Rock Fractures and Fluid Flow
Main research fields
Knowing the mechanical properties of potential reservoir rocks is vital in understanding how fracture networks may develop in reservoirs containing hydrocarbon, magmatic or geothermal fluids. Through our collaboration with University College London (UCL) we have been able to measure many of these properties and apply the findings to areas ranging from understanding how cooling can influence cracking in thermally stressed volcanic rocks, to understanding how anisotropy may affect fracture propagation in unconventional hydrocarbon reservoirs.
Properties that are commonly measured by the group members at the rock-physics laboratories include:
- Dynamic and Static Young’s modulus
- Poisson’s ratio
- Unconfined Compressive Strength (UCS)
- Tensile strength
- Fracture toughness
It is well known that in layered media fracture propagation paths, such as deflection and arrest, are strongly affected by the contrast in mechanical properties between layers, and in particular the contrast in Young’s modulus. Being able to measure these properties in the lab and then use them in our numerical models improves our confidence in the results and interpretations gathered from the models. The group is also working in collaboration with the rock-physics group at the University of Portsmouth in order to understand how the fracture toughness of rocks alters at depth.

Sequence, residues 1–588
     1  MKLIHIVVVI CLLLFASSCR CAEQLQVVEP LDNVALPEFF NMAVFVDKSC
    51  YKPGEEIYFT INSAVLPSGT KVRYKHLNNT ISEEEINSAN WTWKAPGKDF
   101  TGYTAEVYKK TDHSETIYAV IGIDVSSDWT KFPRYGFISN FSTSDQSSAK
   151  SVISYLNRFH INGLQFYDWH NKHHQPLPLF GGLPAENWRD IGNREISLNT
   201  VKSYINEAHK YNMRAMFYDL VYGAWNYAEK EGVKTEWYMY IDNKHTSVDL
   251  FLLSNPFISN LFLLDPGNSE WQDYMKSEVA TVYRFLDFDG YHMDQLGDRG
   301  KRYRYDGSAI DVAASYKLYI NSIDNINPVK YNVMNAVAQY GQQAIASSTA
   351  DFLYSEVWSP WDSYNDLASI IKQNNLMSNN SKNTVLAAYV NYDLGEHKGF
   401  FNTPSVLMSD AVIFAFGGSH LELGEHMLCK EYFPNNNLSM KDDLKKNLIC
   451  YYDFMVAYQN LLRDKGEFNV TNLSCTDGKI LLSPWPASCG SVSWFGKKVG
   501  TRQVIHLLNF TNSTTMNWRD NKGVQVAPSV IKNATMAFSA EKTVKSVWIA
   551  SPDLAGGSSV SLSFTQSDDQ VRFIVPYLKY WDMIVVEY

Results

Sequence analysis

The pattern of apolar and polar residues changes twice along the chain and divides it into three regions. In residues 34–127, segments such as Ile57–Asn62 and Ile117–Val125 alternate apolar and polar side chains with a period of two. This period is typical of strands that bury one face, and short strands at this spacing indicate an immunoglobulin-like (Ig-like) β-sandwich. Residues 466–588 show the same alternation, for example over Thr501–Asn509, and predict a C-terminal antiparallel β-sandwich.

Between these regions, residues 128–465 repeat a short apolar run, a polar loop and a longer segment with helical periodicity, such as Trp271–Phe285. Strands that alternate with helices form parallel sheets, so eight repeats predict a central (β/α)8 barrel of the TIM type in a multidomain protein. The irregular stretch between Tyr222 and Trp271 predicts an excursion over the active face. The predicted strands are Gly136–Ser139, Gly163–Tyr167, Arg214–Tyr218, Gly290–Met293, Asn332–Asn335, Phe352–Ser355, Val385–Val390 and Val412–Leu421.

UCS test using uniaxial press. Here the axial and circumferential strain is measured in order to calculate the static Young’s modulus and Poisson’s ratio of the material, in this case limestone.
First arrival of a P-wave passed through a sample of material, in this case shale. The first arrival time is used to calculate the P-wave velocity of the material, which is useful in calculating the anisotropy, and the dynamic Young’s modulus.
Limestone and shale alternations at Nash Point, South Wales (A4 card for scale). The two materials are known to have contrasting mechanical and elastic properties, including Young’s modulus. The more competent limestone has a higher fracture density than the more compliant shale. In addition the fractures in the shale often deflect within a bed or even become arrested, whereas the fractures in the limestone are usually more continuous and straight.